There is something you need to know about me… I love stuff!!

Cookbooks on my countertops motivate me to cook, oils & soaps in the bathroom create a relaxing atmosphere and books piled high on the nightstand encourage me to unplug before much needed shut eye.

This fascination with stuff is a little difficult to admit. As a real estate agent, you can typically hear me chattering on to my clients about abolishing distracting clutter. You would think I was the queen of the minimalistic era, however, I must confess, I love stuff!

Then it happened, one night while searching for something to watch on Netflix, I came across Marie Kondo and the KonMari Method. The aesthetic that evokes simple, subtle and unobtrusive beauty really speaks to me.

I realized watching the series, that surrounding myself with the “stuff” that inspires, can work well, IF they are items that “spark joy.” Otherwise, it is best to consider giving items away or disposing of them, in order to live a more healthy, carefree life.

Even if you’re not planning on moving in the foreseeable future, there are countless benefits to decluttering and getting organized and countless methods, too.

The KonMari Method – which achieved popularity with Marie Kondo’s book, The Life-Changing Magic of Tidying Up– has become a cultural phenomenon since Tidying Up with Marie Kondo began airing on Netflix on Jan. 1 (


The thought of tidying up so we’re surrounded only by items that make us feel warm and positive is certainly inspiring. Perhaps that’s why I’ve enjoyed watching the Tidying Upseries, which shows Kondo helping people transform cluttered homes into serene and organized spaces, including a family of four struggling to downsize.

In another episode, she helps a grieving widow afraid to get rid of things that remind her of her beloved late husband. Instead of having painful reminders all over the house, Kondo recommends creating a treasure box of special items that can be displayed in a location in the house that sparks joy.

Most tidying methods take a room-by-room or little-by-little approach but the KonMari Method ( encourages tidying by category, not location. The order allows you to hone your joy-checking skills as you move from the easiest category to the most challenging:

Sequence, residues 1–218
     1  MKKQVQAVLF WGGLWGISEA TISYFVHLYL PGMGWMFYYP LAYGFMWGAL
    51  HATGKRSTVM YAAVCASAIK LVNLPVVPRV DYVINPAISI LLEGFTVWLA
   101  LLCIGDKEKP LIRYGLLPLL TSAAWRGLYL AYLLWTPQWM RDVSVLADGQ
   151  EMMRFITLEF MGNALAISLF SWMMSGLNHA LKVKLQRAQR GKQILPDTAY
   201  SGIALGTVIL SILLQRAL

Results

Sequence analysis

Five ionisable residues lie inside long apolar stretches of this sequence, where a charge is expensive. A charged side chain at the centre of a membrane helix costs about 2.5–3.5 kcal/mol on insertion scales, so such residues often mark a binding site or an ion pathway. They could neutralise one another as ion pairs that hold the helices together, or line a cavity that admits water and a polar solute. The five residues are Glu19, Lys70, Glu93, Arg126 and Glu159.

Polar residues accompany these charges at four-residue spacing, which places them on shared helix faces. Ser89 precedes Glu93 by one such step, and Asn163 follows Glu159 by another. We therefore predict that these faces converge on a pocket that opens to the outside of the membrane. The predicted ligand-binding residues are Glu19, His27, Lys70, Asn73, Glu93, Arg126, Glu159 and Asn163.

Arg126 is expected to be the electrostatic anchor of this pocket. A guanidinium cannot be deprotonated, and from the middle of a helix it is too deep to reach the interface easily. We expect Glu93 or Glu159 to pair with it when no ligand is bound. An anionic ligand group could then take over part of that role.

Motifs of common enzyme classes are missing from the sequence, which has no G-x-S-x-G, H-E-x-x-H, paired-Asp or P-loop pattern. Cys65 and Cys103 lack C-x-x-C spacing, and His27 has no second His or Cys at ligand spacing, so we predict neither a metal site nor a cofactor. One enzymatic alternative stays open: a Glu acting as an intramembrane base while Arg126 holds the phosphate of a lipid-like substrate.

• Clothes
  • Books
  • Papers
  • Komono (miscellaneous items)
  • Sentimental items


Kondo’s philosophy is really quite simple: keep items that ‘spark joy’ and discard items that don’t. If you’re not yet a ‘Konvert,’ the clothes category offers helpful insight into how the KonMari Method works.

Pile all of your clothing on your bed (and if you’re not able to complete the task in one day, place them on spare bed). Pick two or three outfits that spark joy and measure other pieces of clothing against those.

Now, pick up each piece of item and decide if it sparks joy. If it doesn’t – perhaps because it never fit properly in the first place or isn’t the right colour – it’s time to find it a new home. Decide what you want to keep, what you want to sell and/or donate and what you want to recycle or throw away.

Learn more about special waste management events and how to dispose of hazardous waste at


Many people feel guilty letting go of items but expressing gratitude towards those items promises to lessen that feeling. You can donate unwanted items to organizations such as the following:

Generally, Kondo recommends storing clothes and nearly everything else vertically so it’s easily visible. She also uses boxes, dividing items into like-sized categories and ensuring everything has its own space. While Tidying Up focuses on the act of decluttering, Kondo is always careful to emphasize the intended result: a home that better empowers the life you want for yourself.

If you’re looking for a new home to empower the life you want for you and your family, please know I am dedicated to providing the best client care possible and will be by your side to protect your interests and help you through every step of the process. I look forward to working with you!

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